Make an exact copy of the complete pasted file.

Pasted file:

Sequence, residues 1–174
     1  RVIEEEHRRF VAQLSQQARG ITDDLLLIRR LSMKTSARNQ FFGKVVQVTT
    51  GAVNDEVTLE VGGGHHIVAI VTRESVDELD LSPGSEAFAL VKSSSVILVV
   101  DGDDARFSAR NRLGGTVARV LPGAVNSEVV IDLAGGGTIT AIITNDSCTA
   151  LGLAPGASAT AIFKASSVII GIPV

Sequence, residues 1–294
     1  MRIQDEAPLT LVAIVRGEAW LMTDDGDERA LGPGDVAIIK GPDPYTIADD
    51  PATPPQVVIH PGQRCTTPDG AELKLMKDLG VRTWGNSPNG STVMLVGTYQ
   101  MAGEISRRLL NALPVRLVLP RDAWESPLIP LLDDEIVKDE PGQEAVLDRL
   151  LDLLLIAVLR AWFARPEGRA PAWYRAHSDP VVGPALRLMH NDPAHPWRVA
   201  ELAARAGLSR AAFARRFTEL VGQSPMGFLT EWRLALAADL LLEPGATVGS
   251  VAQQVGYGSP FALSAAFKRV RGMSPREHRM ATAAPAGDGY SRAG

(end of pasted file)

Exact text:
Sequence, residues 1–174
     1  RVIEEEHRRF VAQLSQQARG ITDDLLLIRR LSMKTSARNQ FFGKVVQVTT
    51  GAVNDEVTLE VGGGHHIVAI VTRESVDELD LSPGSEAFAL VKSSSVILVV
   101  DGDDARFSAR NRLGGTVARV LPGAVNSEVV IDLAGGGTIT AIITNDSCTA
   151  LGLAPGASAT AIFKASSVII GIPV

Sequence, residues 1–294
     1  MRIQDEAPLT LVAIVRGEAW LMTDDGDERA LGPGDVAIIK GPDPYTIADD
    51  PATPPQVVIH PGQRCTTPDG AELKLMKDLG VRTWGNSPNG STVMLVGTYQ
   101  MAGEISRRLL NALPVRLVLP RDAWESPLIP LLDDEIVKDE PGQEAVLDRL
   151  LDLLLIAVLR AWFARPEGRA PAWYRAHSDP VVGPALRLMH NDPAHPWRVA
   201  ELAARAGLSR AAFARRFTEL VGQSPMGFLT EWRLALAADL LLEPGATVGS
   251  VAQQVGYGSP FALSAAFKRV RGMSPREHRM ATAAPAGDGY SRAG